The County Poor Farm contains 160 acres. It is located in the township of Norman. The buildings are ample for the accommodation of the county paupers. Mrs. Helms is the Matron and John Reilly, Superintendent. Everything is orderly and well conducted, and the county, and also the inmates of the county house, are fortunate in securing the services of Mrs. Helms and Mr. Reilly as managers.
The First Poor Farm
The records of Grundy County show that the first pauper bill allowed was ordered paid March 7, 1842. It was for the sum of $10 for medicine and attendance to one “Joseph Brown, pauper.” Unfortunately with the development of any community comes poverty, and the tax payers are always forced to make provision for those whom the chances of life leave destitute. Grundy County has not been exempt, and its people have nobly risen to the occasion, and now have one of the best equipped poor farms in the State. The first farm of 160 acres was in Norman Township. The county paid $2,400 for it but found it was too large and portions of it were sold to outsiders.
The Second Poor Farm
On October 27, 1879, eighty acres of land was bought for $45 per acre, in Wauponsee Township. An old brick building standing upon the property was torn down and a large frame building was built. This was used for about twenty years, and when it was decided to build new quarters, it was partially wrecked, and the rubbish was sold to a party who removed it. In the December meeting of the county board, in 1903, the committee to which was referred the county almshouse on the county farm, filed the following report:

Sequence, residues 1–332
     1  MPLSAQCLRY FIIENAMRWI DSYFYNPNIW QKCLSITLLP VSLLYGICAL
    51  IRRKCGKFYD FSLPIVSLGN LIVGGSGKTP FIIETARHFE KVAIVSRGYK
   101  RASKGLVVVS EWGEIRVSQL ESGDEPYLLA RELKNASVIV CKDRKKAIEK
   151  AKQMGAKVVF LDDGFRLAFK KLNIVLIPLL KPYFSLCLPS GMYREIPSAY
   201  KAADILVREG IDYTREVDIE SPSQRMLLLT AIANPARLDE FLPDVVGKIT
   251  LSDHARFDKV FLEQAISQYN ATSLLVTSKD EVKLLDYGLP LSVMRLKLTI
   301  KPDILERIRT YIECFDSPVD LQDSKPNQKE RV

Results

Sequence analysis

State of Illinois
Board of Supervisors, December term
December 10, 1903
Mr. Chairman and Gentlemen of the Board of Supervisors,
A majority of your committee to whom was referred the matter of rebuilding the almshouse according to plans drawn by E.E. Roberts of Oak Park, Ill., would beg leave to submit the following report on the matter before them: that on the 12th day of March, 1902, we let the contract to E.E. Roberts of Oak Park, Ill., for the sum of $14,202 for labor and materials known as carpenter work, plastering, lath, heating, plumbing, painting and glazing, and your committee was to furnish all the material used in the construction of said building, known as brick, stone and necessary hardware. And your committee has herewith attached our itemized account not only of all labor, material, etc., for the rebuilding of almshouse, but also all other improvements made at the Poor Farm since March 12, 1902.
And your committee believes that Grundy County has a substantial, modern and up-to-date building that they can well be proud of.
All of which is respectfully submitted.
Israel Dudgeon, Chairman
Here followed a long list of items entering into the construction, aggregating a total of $21,242, of which $2,036.83 was used for other improvements, making the net cost of the house proper $19,205.17.
After the reading of the report, Supervisor Ryan (the oldest member of the board) introduced the following resolution, which was unanimously adopted by an aye and nay vote of the board, the members of the committee being excused from voting. The resolution reads as follows: